At Secret Festival #2 (2005-05-29)

This week's Secret Festival involved many meetings. I again weaseled my way to the front of the line with Steven and Dan, Bic, and Diana. I'm envious that Diana will attend Wired News Nextfest 2005. I left to get coffee when the Seattle Channel television camera appeared for "Film Fanatic" Diana .

I was approached by the first friend of buhrger, ironymaiden, thankfully not carrying an embarrassing sign. Later frabjousdave introduced himself as well. After the Festival on Broadway I encountered butterflydrming with ironymaiden. (I hope I don't have their faces and their online identities confused.) Together we all watched...

...a movie I'm still not going to name, even though I know someone who would have liked it. Before the Festival the Seattle Channel was testing those in line to see if anyone would name the film. I doubt anyone did.


Watching Red Dust (2005-05-28)

Red Dust uses the subplot of the return of Sarah Barcant (Hilary Swank from the thrilling Insomnia and the improbable The Core) to her South Africa hometown to facilitate the dramatization of amnesty hearings. The plot centers one fictional decision of the Amnesty Committee of the Truth and Reconciliation Commision (TRC) in the late 1990s. The TRC under Archbishop Desmond Tutu eased the transition from apartheid to representative democracy under Nelson Mandela. The hearing in the film involved the interrogation of Alex Mpondo and his friend Steve Sizela, African National Congress (ANC) members, by a local police officer Dirk Hendricks and his supervisor.

Red Dust includes flashbacks to beatings and torture, including wetting a bag placed over the head of the detainee to simulate drowning. When asked why he showed little remorse for his participation in the widespread human rights violations under apartheid, Dirk replies, "It was war." Beatings, indefinite detentions, torture, using war to justify human rights violations--these were part of the crime of apartheid.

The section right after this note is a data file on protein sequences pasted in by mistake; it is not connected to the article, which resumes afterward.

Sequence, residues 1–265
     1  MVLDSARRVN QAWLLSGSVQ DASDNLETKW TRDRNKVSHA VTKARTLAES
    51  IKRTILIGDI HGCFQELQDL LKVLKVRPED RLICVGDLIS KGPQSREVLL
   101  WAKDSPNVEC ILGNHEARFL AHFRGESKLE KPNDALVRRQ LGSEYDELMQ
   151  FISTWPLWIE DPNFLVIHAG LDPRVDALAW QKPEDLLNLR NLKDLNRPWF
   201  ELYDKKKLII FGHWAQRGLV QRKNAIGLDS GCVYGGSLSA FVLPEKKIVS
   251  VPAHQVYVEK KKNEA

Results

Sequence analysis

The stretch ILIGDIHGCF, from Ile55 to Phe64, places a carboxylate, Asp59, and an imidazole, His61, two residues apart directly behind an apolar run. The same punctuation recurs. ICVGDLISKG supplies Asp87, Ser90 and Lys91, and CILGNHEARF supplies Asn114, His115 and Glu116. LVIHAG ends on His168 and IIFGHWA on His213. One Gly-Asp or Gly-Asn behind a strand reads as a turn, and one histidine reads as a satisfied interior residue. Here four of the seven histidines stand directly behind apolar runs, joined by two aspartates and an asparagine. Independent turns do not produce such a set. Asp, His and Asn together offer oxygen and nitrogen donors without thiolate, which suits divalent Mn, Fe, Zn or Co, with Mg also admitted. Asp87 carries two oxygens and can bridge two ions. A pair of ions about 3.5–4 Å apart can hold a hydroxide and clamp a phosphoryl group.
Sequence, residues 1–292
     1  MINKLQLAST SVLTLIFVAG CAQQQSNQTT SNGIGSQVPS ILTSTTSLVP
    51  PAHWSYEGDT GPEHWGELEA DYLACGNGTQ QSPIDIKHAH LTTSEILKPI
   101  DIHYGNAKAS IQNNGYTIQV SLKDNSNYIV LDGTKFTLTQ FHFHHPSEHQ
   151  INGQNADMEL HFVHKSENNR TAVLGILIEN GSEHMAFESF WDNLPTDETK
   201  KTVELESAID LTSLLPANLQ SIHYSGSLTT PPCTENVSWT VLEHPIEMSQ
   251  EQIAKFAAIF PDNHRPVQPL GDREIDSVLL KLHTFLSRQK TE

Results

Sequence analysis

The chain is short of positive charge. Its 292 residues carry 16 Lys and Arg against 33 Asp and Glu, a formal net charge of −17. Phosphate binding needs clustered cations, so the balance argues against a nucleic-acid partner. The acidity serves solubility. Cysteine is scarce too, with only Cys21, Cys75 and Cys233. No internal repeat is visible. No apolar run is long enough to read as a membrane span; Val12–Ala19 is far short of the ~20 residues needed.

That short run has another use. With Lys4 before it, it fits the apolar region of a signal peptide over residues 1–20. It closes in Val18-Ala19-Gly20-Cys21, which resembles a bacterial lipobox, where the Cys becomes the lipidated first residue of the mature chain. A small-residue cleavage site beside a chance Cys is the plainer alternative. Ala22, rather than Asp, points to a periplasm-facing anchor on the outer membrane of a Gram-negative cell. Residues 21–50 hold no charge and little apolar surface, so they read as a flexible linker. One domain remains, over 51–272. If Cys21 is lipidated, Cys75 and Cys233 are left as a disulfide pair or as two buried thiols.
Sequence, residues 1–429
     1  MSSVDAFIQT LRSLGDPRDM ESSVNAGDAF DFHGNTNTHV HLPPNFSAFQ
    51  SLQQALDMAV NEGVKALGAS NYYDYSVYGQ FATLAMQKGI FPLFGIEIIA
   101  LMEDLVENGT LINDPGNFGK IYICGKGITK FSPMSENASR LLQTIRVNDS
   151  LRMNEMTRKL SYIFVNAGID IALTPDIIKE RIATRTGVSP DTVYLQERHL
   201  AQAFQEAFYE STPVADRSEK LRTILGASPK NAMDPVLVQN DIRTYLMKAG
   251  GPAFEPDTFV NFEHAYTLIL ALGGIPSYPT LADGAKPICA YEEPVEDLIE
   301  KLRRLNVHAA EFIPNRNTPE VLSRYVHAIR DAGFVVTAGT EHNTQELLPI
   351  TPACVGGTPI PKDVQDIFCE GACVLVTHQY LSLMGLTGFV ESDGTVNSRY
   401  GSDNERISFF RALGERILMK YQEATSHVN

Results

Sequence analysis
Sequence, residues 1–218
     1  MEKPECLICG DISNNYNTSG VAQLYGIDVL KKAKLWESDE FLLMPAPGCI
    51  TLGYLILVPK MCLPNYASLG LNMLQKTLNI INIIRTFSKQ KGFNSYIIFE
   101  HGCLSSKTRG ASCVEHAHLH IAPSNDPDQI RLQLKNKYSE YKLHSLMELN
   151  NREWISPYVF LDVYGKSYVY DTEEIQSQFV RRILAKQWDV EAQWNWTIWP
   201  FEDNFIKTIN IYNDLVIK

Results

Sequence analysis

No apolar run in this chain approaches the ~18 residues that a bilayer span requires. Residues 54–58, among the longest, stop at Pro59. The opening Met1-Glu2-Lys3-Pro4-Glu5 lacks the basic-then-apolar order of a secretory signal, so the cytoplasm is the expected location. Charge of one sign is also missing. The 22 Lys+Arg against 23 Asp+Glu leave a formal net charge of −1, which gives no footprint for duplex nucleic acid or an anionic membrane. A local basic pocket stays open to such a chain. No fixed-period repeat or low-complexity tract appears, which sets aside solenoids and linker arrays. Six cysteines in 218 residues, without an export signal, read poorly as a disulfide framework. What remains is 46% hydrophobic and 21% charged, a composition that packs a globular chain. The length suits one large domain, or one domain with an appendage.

It consequently troubles me to contemplate these actions in support of our representative democracy. A Church Report summary includes 71 "substantiated cases of detainee abuse involving 121 victims and six deaths." Department of Defense documents released to the American Civil Liberties Union under the Freedom of Information Act describe placing a bag over the detainee's head and beating him. News articles describe "water-boarding" as a technique the Central Intelligence Agency (CIA) uses for interrogation. This is the same wet-bag technique portrayed in Red Dust. The military requested permission to use this technique, but the Secretary of Defense authorized almost all techniques except this one. Numerous citations are available to those concerned about torture.

What answer will this administration give? "It was war"? South Africa, too, considered itself involved in a war on terror; indefinite detention without trial was permitted under the Terrorism Act No 83 of 1967 (the Act that permitted the arrest of Steve Biko). Such a war does not justify human rights violations.


Watching Ronda Nocturna (2005-05-27)

I liked Ronda Nocturna/Night Watch better when it was over. That is, I like the film's concept, but the telling of the tale took too long, leaving me a little bored.

The film observes the protagonist through one night as he wanders the streets of Buenos Aires. (The film is part of SIFF's "¡Viva Argentina!" program.). It is a gritty city, hit by economic hardship that leaves many of its citizens collecting trash for survival. The protagonist survives by making money as a prostitute and drug dealer.

A small spoiler follows: the SIFF description doesn't mention a word that IMDb's plot keywords includes. That word is "ghost". The film takes place on the «Dia de los Muertos» or "Day of the Dead." Even if only in the protagonist's mind, on this night the boundary blurs between this life and the next, and the marked dead attempt to take their loved ones to join them.